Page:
WET AT TIMES: Today will be a mostly cloudy day across Alabama with potential for some rain at times; there might even be a strong thunderstorm this afternoon in spots. The Storm Prediction Center maintains a low-end, marginal risk (level 1 out of 5) of severe thunderstorms for a part of west and southwest Alabama later today.
Heavier storms could produce small hail and gusty winds, but the overall threat is low. Look for a high in the mid to upper 70s today; the average high for April 7 at Birmingham is 72.
WEDNESDAY/THURSDAY: Wednesday will be a warm day; we project a high in the 82- to 85-degree range with a mix of sun and clouds. The air becomes unstable, and a few scattered showers and storms are possible during the afternoon and evening, but much of the day will be dry. Then, late Wednesday night, a cold front will approach. This will bring a band of showers and strong storms into the state after midnight and into early Thursday morning. The SPC has defined a slight risk (level 2 out of 5) of severe storms for the Tennessee Valley of north Alabama, with a marginal risk down to Greensboro, Clanton and Lafayette. This outlook runs through 7 a.m. Thursday.
The main window for heavier thunderstorms will come from midnight Wednesday night through 6 a.m. Thursday. The main threats will come from hail and strong straight-line winds; the tornado threat is very low, but not zero.
During the day Thursday, the sky becomes partly to mostly sunny as dry air works into the state; the high will be close to 70 degrees.
FRIDAY/SATURDAY: Friday will be a sunny, cool day with a high in the 60s. Colder pockets will drop into the 30s early Saturday morning with a chance of some scattered light frost; lows will range from 36 to 44 degrees. Saturday will be dry with a high in the upper 60s; clouds will begin to increase by afternoon ahead of a developing weather system to the west.
EASTER SUNDAY: We now have much better agreement with the global models; Sunday looks like an active weather day with potential for both strong thunderstorms and heavy rain. This could very well be a day with a risk of severe thunderstorms, but right now it is too early to call with questions concerning the thermodynamic environment. The high Sunday will be in the 70s, and rain amounts of 1-2 inches are likely.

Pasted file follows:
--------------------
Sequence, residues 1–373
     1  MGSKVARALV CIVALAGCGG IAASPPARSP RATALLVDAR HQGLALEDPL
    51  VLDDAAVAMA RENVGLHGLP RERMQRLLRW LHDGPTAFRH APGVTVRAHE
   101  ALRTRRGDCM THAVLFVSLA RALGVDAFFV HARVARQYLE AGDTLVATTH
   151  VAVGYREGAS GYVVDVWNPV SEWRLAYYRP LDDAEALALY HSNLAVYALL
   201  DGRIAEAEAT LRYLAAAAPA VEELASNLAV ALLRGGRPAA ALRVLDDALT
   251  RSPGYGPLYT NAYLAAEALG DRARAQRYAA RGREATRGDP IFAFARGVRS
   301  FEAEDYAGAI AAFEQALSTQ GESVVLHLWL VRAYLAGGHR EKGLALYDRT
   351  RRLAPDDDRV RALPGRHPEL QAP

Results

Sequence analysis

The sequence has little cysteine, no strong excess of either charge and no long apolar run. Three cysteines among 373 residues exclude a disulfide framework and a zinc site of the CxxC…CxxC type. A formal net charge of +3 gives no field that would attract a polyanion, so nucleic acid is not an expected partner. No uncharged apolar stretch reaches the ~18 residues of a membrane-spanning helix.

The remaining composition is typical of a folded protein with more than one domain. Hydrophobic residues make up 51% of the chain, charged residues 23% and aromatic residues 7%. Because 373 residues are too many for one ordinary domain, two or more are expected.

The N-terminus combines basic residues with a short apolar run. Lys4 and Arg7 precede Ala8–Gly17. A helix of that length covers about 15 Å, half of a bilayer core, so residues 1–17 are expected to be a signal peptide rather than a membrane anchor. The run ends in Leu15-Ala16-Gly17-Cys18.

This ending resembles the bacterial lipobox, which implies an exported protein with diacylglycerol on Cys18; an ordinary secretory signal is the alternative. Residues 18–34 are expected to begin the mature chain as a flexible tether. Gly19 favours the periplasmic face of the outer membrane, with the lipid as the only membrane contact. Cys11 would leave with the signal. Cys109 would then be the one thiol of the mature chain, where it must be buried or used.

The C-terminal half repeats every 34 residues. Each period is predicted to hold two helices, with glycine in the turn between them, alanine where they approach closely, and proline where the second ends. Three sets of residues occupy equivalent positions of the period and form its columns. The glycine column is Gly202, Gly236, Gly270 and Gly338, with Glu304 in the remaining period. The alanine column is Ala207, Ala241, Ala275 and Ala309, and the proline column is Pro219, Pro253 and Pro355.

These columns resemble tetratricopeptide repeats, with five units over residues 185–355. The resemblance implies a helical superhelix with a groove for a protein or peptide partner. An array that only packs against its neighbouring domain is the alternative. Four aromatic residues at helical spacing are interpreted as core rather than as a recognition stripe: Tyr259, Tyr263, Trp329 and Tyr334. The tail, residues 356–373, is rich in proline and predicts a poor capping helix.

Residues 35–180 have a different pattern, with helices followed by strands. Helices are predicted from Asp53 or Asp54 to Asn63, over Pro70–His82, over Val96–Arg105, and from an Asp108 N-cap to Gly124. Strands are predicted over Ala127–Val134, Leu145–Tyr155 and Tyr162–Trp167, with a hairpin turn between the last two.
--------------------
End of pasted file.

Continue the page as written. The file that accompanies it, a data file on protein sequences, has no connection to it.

NEXT WEEK: Much cooler air rolls into the state for the first half of the week; many north Alabama communities won’t get out of the 50s Monday, and we will have potential for another late-season freeze or frost early Tuesday morning.
ON THIS DATE IN 1926: Lightning started a disastrous oil fire at San Luis Obispo, California, which lasted for five days, spread over 900 acres and burned more than six million barrels of oil. Flames reached 1,000 feet, and the temperature of the fire was estimated at 2,500 degrees. The fire spawned thousands of whirlwinds, with hundreds the size of small tornadoes. One vortex traveled one mile to the east-northeast of the blaze, destroying a small farmhouse and killing two people. Damage totaled $15 million.
ON THIS DATE IN 1980: Severe thunderstorms spawned tornadoes that ripped through central Arkansas. The storms also produced high winds and baseball-sized hail. Five counties were declared disaster areas by President Jimmy Carter. A tornado causing F3 damage also affected St. Louis and St. Charles counties in Missouri, producing $2.5 million in damage.
ON THIS DATE IN 2006: Severe thunderstorms produced more than a dozen tornadoes across Alabama, including EF-1 twisters at Gardendale and Roebuck.
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